Because multithreading introduces an asynchronous behavior to your programs, there must be a way for you to enforce synchronicity when you need it. For example, if you want two threads to communicate and share a complicated data structure, such as a linked list, you need some way to ensure that they don’t conflict with each other. That is, you must ‘prevent one thread from writing data while another thread is in the middle of reading it. For this purpose, Java implements an elegant twist on an age-old model of interprocess synchronization: the monitor.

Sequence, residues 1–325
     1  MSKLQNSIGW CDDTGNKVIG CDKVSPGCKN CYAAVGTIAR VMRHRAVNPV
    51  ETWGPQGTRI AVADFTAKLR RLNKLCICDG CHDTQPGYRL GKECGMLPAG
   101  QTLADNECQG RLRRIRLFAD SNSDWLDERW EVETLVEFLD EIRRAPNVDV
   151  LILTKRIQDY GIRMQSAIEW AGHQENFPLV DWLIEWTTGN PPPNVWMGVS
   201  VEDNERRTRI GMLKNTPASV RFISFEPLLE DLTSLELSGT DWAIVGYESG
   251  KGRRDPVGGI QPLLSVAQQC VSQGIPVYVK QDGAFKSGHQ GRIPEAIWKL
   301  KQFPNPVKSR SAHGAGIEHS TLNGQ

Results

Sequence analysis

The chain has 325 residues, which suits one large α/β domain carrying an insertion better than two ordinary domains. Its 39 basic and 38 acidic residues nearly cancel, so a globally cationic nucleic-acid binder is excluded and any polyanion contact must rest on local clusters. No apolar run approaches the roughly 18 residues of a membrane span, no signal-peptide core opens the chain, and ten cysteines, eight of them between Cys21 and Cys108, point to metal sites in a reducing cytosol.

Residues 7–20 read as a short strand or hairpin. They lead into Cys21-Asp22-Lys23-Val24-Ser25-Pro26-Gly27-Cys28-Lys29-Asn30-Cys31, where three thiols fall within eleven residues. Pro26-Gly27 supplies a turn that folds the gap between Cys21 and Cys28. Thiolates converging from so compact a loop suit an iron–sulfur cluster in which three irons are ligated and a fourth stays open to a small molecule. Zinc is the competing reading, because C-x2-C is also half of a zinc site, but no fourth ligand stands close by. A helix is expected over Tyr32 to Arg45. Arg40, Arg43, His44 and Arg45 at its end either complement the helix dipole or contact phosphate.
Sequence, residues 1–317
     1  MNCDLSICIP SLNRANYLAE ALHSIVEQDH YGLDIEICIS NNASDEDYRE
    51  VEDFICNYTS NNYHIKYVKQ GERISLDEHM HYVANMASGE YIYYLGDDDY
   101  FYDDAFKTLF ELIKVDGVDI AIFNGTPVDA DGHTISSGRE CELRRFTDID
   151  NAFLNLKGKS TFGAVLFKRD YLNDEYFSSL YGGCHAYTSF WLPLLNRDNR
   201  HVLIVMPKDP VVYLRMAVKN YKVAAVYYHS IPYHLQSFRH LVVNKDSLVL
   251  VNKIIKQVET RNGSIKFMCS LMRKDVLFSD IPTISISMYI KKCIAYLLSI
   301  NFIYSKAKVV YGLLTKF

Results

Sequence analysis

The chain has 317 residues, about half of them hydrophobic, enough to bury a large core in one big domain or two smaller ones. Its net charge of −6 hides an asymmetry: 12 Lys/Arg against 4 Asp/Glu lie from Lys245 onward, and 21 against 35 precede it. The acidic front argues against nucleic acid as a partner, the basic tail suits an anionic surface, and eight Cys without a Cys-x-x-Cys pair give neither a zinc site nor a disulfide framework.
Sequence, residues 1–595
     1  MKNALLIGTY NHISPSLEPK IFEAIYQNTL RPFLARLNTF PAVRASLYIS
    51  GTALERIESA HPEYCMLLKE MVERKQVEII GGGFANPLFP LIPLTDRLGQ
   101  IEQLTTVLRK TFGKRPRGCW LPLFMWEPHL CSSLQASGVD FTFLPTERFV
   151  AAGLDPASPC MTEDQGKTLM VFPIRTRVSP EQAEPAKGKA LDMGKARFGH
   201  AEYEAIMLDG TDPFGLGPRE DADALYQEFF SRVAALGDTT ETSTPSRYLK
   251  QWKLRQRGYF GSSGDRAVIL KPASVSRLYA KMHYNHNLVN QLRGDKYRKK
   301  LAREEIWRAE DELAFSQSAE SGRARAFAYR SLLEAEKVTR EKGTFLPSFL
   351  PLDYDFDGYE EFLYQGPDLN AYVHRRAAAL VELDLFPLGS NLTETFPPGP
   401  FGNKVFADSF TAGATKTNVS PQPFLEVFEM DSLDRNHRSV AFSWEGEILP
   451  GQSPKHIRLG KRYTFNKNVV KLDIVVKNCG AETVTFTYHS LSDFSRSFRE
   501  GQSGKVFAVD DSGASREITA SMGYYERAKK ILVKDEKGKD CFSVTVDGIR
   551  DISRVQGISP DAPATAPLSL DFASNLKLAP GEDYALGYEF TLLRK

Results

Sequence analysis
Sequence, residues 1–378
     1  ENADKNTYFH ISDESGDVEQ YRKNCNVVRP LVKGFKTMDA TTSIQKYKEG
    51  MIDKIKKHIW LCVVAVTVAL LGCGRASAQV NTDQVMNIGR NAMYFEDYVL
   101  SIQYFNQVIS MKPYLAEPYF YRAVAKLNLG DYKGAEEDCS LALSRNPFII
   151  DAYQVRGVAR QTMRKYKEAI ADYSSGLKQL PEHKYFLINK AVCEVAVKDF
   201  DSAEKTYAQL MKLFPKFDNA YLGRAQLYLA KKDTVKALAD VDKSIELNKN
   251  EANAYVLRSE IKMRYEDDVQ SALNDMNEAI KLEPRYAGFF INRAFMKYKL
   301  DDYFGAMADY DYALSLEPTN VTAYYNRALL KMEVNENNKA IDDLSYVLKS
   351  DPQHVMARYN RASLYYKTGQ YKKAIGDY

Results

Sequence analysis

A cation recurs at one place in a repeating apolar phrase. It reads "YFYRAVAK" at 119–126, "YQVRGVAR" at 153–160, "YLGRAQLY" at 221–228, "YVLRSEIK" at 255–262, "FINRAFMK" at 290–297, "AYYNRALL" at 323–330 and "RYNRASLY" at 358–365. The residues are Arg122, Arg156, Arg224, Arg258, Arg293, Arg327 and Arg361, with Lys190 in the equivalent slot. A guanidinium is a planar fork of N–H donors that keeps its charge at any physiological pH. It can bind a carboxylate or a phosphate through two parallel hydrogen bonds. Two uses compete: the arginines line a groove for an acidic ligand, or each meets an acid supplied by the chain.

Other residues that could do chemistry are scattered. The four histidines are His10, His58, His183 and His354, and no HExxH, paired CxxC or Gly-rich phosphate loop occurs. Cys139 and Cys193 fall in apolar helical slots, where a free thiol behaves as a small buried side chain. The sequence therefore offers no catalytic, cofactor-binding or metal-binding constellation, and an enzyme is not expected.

The monitor is a control . mechanism first defined by CAR. Hoare. You can think of” monitor LIS a very small box that can hold only one thread. Once a thread enters a monitor, all other threads must wait until that thread exits the monitor. In this way, a monitor can be used to protect a shared asset from being manipulated by morethan one thread LIt a time. Most multithreaded systems expose monitors as objects that your progrnm must explicitly acquire and manipulate. lava provides a cleaner solution. There is no class “Monitor”; instead, each object has its own implicit monitor that is automatically entered when one of the object’s synchronized methods is called, Once a thread is inside a synchronized method, no other . thread ca call nny other synchronized method on the same object. This enables you to write very clear and concise multithreaded code, because synchronization built in to the language.

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